Today's news

September 10, 2002

Hodge: universities must compete or close
Universities will have to compete for students or close under government plans to unleash a “free market” in degrees, Margaret Hodge, minister for higher education, will tell vice-chancellors. (The Daily Mail, The Independent, The Times)

Fears of elite split grow
Elite universities will be warned at this week’s meeting of vice-chancellors not to go it alone with top-up fees and “pull up the ladder” behind them. Fears of a binary split were fuelled by reports showing a growing gulf between new and old universities, particularly over research. (The Guardian)

From the annual meeting of the British Association for the Advancement of Science
Parents may outlive obese children
Obesity is growing among the young at such a rate that parents could outlive their children, according to Andrew Prentice of the London School of Hygiene and Tropical Medicine. (The Daily Mail, The Daily Telegraph, The Financial Times, The Guardian, The Independent, The Times)

Sea change threatens Antarctic life
Sensitive Antarctic species could perish as Southern Ocean waters warm by 2C-3C in the next century, according to Lloyd Peck of the British Antarctic Survey and other scientists. (The Daily Telegraph, The Guardian, The Independent, The Times)

Tough work, but good food
Life may have been harsh in the desert quarries of ancient Rome, but the labourers managed a River Café diet all the same, said Marijke van der Veen, an archaeologist at the University of Leicester. (The Guardian, The Times)

New bush meat dangers
Five new strains of simian immune deficiency virus have been found in Cameroon bush meat – primates killed for protein – Richard Wise of City Hospital, Birmingham, told the conference. (The Guardian)

Bite a banana
Green bananas and aspirin could play a role in reducing hereditary bowel cancer in high-risk patients, John Burn of Newcastle University said. (The Daily Telegraph, The Guardian, The Times)

Go on, eat your greens
Choosy children can be persuaded to eat any type of food as long as they are not told that it is healthy or promised a reward for eating it, Jane Wardle of University College London said.

Anti-terror efforts boost disease study
The recent research and surveillance effort mobilised against bioterrorism is producing important new evidence about natural diseases, Charles Penn, research director of the UK Centre for Applied Microbiology Research at Porton Down, told the conference. (The Financial Times)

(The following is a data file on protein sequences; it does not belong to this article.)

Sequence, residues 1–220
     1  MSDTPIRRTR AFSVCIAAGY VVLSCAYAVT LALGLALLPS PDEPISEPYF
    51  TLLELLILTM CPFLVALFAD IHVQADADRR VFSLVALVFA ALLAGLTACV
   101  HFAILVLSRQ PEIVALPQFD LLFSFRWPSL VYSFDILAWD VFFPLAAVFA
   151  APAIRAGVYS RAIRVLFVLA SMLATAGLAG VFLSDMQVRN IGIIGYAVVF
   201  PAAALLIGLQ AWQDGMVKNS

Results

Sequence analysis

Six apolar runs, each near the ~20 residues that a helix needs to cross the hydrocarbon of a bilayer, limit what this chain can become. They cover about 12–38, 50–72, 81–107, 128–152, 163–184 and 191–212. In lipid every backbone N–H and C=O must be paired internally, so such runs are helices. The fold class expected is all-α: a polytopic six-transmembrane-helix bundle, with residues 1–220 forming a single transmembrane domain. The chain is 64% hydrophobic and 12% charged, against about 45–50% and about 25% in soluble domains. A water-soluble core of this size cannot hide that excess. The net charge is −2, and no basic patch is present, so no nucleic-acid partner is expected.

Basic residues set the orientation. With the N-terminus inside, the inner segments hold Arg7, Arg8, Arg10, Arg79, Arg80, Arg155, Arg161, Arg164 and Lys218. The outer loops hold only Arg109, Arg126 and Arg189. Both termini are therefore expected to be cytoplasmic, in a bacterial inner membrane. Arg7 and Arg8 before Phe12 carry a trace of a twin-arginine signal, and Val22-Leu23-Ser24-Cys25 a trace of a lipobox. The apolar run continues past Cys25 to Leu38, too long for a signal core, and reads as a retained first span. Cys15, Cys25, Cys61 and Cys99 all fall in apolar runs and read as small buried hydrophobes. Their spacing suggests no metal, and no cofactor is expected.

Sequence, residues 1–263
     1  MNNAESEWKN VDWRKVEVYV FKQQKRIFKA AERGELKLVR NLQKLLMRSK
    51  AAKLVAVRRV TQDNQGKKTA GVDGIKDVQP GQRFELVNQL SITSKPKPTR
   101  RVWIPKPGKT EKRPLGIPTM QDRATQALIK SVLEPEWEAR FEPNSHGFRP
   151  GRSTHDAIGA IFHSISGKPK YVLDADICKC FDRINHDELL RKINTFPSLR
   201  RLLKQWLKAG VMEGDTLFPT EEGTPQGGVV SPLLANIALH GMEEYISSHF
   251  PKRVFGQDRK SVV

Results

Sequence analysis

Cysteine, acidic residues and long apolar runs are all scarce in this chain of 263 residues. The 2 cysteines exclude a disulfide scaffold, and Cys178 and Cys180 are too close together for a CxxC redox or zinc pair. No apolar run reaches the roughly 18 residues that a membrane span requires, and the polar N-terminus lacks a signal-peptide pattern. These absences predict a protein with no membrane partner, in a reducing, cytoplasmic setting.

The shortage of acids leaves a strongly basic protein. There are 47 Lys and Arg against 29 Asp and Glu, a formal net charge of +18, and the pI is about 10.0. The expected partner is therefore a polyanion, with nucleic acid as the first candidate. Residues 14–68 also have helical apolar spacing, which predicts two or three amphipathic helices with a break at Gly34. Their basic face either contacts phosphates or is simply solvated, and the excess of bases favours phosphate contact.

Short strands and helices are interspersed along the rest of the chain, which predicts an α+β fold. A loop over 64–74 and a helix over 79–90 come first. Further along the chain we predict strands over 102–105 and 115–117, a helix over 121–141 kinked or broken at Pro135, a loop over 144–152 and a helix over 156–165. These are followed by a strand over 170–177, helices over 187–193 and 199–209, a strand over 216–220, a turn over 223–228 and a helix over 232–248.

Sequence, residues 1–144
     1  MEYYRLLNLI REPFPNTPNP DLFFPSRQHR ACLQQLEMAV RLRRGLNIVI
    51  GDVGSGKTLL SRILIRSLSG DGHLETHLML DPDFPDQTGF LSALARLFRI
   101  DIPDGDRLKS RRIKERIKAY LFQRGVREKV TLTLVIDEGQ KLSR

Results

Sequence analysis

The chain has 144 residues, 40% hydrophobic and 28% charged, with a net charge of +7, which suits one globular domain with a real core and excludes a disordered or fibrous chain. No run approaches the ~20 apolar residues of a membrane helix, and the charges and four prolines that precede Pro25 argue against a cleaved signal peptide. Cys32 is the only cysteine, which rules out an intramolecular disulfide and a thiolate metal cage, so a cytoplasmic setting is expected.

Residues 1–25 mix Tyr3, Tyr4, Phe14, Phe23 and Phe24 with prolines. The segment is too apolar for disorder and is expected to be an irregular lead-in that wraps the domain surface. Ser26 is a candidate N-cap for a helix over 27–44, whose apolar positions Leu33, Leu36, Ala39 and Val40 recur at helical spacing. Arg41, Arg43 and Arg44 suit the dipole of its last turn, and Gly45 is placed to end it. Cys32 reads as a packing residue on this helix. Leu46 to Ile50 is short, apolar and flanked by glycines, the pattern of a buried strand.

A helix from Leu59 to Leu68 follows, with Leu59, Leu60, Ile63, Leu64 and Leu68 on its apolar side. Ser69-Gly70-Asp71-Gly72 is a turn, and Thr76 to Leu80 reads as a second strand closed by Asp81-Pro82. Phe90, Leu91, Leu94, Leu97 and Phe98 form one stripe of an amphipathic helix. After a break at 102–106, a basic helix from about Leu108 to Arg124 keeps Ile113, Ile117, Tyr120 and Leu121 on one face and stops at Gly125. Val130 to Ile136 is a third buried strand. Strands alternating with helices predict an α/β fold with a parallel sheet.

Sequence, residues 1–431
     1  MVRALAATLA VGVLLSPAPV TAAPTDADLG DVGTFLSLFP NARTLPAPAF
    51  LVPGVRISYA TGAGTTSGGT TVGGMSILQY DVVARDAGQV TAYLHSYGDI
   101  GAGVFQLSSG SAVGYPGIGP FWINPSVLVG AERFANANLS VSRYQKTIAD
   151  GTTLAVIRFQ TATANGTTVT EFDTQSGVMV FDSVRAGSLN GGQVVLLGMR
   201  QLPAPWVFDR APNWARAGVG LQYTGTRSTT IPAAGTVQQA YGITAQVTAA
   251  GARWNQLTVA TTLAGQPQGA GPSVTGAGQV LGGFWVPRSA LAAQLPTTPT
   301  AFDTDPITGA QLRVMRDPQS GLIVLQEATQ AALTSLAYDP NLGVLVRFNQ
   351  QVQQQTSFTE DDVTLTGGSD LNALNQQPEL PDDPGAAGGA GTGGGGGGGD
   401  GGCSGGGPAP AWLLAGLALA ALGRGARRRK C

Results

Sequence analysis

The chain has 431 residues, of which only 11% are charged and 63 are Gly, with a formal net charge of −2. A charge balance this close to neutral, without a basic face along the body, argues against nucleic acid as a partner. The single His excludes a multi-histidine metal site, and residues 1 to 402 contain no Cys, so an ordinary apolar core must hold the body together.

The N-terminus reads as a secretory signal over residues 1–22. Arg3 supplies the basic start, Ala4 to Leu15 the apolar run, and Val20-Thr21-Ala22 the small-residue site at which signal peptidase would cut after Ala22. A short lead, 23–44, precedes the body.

National stem-cell bank on the way
The first national stem-cell bank is to be built in Hertfordshire and could be open within a year. The National Institute for Biological Standards and Control will run the £2.6 million bank for the Medical Research Council. (The Guardian, The Independent)

Ark sets off to restore elephants
South Africa is to launch a modern Noah’s Ark to ship 200 elephants to Angola to try to restore wildlife stocks destroyed in the -year civil war. (The Times)

Students get down to business
The country’s first “independent” state school focused on business opens today in one of London’s most deprived areas, thanks to a £2.5 million gift from a City figure. (The Financial Times)

Is the great navigator resting in pieces?
Spanish historians in Seville and their counterparts in Santo Domingo plan to dig up the remains of Christopher Columbus for the tenth time in the hope of finally settling the question of where he is buried. (The Guardian)

Kiwis fight brain drain
New Zealand is struggling to shed its image as an academic backwater. (The Guardian)

Fight for survival
Could student suicides be prevented with better targeting of support services? (The Guardian)

Sir Robert Wilson, astrophysicist whose determination led to the launch of the forerunner of the Hubble space telescope, has died, aged 75. (The Times)

W. R. S. Garton, a spectroscopist with a quest for the unknown, has died, aged 90. (The Independent)

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